Sam Wu is still totally NOT scared.
Even though he’s already demonstrated his bravery by conquering a ghost (Sam Wu Is Not Afraid of Ghosts, 2018), Sam somehow once again finds himself trying to shake the nickname “Scaredy-Cat Sam.” After an embarrassing incident during a school trip to the aquarium, he and his friends face a beach birthday party and the twin specters of swimming (turns out his brainy friend Bernard can’t swim) and sharks (obviously). He notes, in his characteristically wry way, that “apparently, bravery is something you have to prove over and over again.” This second installment, like Sam, seems anxious of venturing beyond the surf; it largely clings to the format of the first book, nearly act for act. Nonetheless, it should find its readers, who may find comfort and confidence in following Sam’s incremental growth. Additional time spent with Na-Na, Sam’s sharp and sassy grandmother, reveals more about Sam’s family’s Hong Kong origins and highlights a loving, realistic, intergenerational relationship. Foodies will enjoy the additional references to Chinese fare—one memorable scene finds Sam, white-skinned Bernard, and darker-skinned Zoe happily chewing on grilled squid. While Reed’s Na-Na isn’t a particularly compelling image of a Hong Kong grandma, readers will otherwise appreciate the illustrations’ big-eyed humor as well as the dynamic type styling, graphics, and page design.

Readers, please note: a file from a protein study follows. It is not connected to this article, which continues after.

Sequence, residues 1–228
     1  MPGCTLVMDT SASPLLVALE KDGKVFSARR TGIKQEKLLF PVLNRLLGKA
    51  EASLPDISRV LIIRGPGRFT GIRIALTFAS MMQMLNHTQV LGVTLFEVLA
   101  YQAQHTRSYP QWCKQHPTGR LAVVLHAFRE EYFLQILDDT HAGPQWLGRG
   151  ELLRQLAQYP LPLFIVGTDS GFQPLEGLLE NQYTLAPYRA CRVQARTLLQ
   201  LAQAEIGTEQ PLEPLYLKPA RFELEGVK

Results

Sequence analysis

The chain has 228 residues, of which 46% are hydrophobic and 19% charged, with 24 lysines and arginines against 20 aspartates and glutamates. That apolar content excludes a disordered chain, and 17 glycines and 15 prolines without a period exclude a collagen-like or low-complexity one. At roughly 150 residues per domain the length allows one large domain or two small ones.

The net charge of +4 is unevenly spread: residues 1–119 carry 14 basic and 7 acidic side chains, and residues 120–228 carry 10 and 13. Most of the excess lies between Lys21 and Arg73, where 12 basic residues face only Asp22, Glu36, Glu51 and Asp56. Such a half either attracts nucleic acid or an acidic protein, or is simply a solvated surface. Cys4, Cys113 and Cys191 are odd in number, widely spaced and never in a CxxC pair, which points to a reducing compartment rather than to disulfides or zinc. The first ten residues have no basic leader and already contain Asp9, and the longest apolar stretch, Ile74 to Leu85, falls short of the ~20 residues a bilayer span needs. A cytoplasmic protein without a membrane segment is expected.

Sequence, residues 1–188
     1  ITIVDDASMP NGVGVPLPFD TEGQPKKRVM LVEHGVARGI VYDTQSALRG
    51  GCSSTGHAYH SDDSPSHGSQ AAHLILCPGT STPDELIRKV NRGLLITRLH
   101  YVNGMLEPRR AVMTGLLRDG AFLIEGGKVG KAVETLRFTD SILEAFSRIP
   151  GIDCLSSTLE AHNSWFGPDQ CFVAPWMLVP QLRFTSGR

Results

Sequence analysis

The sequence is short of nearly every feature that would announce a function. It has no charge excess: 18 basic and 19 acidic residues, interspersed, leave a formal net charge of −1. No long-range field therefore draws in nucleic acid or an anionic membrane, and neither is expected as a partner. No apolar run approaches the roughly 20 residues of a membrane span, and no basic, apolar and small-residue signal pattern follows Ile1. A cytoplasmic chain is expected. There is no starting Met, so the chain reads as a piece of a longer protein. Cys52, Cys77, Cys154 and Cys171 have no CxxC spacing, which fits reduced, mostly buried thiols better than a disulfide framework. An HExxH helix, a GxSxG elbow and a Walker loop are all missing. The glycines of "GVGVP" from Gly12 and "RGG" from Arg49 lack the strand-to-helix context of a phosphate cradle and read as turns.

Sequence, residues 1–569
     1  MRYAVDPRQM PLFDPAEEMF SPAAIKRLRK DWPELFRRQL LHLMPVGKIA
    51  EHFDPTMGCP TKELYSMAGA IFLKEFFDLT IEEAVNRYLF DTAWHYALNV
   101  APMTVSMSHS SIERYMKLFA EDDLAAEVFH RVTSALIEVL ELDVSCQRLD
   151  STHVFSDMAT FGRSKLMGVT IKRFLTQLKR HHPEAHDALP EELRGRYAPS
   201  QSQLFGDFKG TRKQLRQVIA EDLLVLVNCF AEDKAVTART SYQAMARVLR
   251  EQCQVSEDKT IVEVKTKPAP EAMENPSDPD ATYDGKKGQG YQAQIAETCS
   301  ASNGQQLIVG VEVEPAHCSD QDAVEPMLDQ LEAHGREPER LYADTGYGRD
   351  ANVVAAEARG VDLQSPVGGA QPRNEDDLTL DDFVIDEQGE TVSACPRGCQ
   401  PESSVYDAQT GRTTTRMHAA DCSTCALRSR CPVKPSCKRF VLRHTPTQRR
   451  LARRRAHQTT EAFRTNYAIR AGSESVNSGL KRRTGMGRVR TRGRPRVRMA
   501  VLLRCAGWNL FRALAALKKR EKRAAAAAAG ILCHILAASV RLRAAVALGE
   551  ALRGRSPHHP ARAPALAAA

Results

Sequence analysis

A sequel skittish of unchartered waters still finds its way. (Fiction. 7-10)